This week our roundup will branch a little into the digital world, as well as the social media world, as one significant announcement needs to be discussed. Read on for the most notable social and digital updates of the past week.
G is for Google
In an unexpected move, tech giant, Google, is rebranding itself under a new holding company named Alphabet. Google will hereafter be Alphabet’s largest wholly owned subsidiary. It seems that this latest move is largely focussed on attaining new investors – and it is already working. Wall St. felt an immediate response to Google’s announcement, with its shares soaring by 5% initially.
Since its launch 16 years ago as simply a search engine, Google has grown into so much more than that. Now a tech conglomerate with medical devices, mobile devices, driverless cars, drones, and much more, many investors are reluctant to involve themselves, as it is often unclear whether they will be supporting the company’s core projects, or whether their money will be spent on these ‘moonshot’ projects.
Despite all of these different branches of the company, Google is still often seen as just a search company, which can be detrimental to investment and progress. This rebrand allows Google’s various subsidiaries to function under their own guise, separating themselves from the company’s core beginnings as a search engine.
Founders Page and Brin will still be in control, owning the majority share of Alphabet, as such will still be able to continue their experimental ventures such as the driverless cars, but they will keep their investors happy by keeping Google’s core intact.
Twitter drops 140 character limit in DMs
Social media networking site, Twitter, announced in recent months that they would remove the standard 140 character limit from Direct Messages. However, as with a lot of Twitter updates, we were left wondering when this change would materialise. Well, the time is now. Twitter has announced that this change will come about next Wednesday when the updated feature will begin rolling out across Android, iOS and desktop.
An ongoing struggle for this platform has been to keep users within the network. With such constraints on Tweets and messages, users would often leave the platform to continue conversations elsewhere, just one of many reasons why Twitter has difficulty keeping the platform ‘sticky’. With this amendment, users will be more compelled to continue conversations within Twitter. In a climate dominated by Facebook Messenger and WhatsApp, in which instant mobile messaging is so rife and easy, this was a move that Twitter really needed to make.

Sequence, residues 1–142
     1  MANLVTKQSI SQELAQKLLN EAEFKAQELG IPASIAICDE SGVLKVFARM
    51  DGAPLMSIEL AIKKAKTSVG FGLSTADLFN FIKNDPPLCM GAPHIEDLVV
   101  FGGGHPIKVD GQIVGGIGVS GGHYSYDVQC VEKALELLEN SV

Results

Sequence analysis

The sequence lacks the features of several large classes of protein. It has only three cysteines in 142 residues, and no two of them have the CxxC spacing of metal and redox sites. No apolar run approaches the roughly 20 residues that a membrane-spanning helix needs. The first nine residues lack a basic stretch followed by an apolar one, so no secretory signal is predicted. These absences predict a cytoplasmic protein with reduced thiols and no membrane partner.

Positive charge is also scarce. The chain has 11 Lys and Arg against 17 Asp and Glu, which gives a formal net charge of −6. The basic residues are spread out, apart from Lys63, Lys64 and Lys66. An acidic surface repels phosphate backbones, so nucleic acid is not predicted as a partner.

Twitter’s continued improvement and updates show determination to prove the platform’s longevity, but will it stick?
Live streaming copyright ambiguity
A recently released report from parent company Twitter revealed that it has received demands within the thousands for illegal streams to be removed from live-streaming app, Periscope, under the Digital Millennium Copyright Act. The platform revealed that it has been forced to comply with 71% of these notices, which brings into question the validity and longevtiy of live streaming.
A factor that has worried marketers and brands alike from launch day, is that live streaming offers the capability and potential for users to stream copyright controlled content, which in turn allows users to illegally view events or footage that they haven’t paid for and/or aren’t entitled to view. This was apparent from Periscope’s debut weekend, when the Floyd Mayweather and Manny Pacquiao boxing fight, for which many attendees paid in the hundreds of thousands for tickets, was live streamed and broadcast across Twitter, with Twitter’s user base tuning in for free.
Unless measures are put in place to control this, we fear that live streaming’s hay day may come to a close sooner than anticipated, so we are intrigued to see how Periscope tackles these figures and placates its user base and brands alike.
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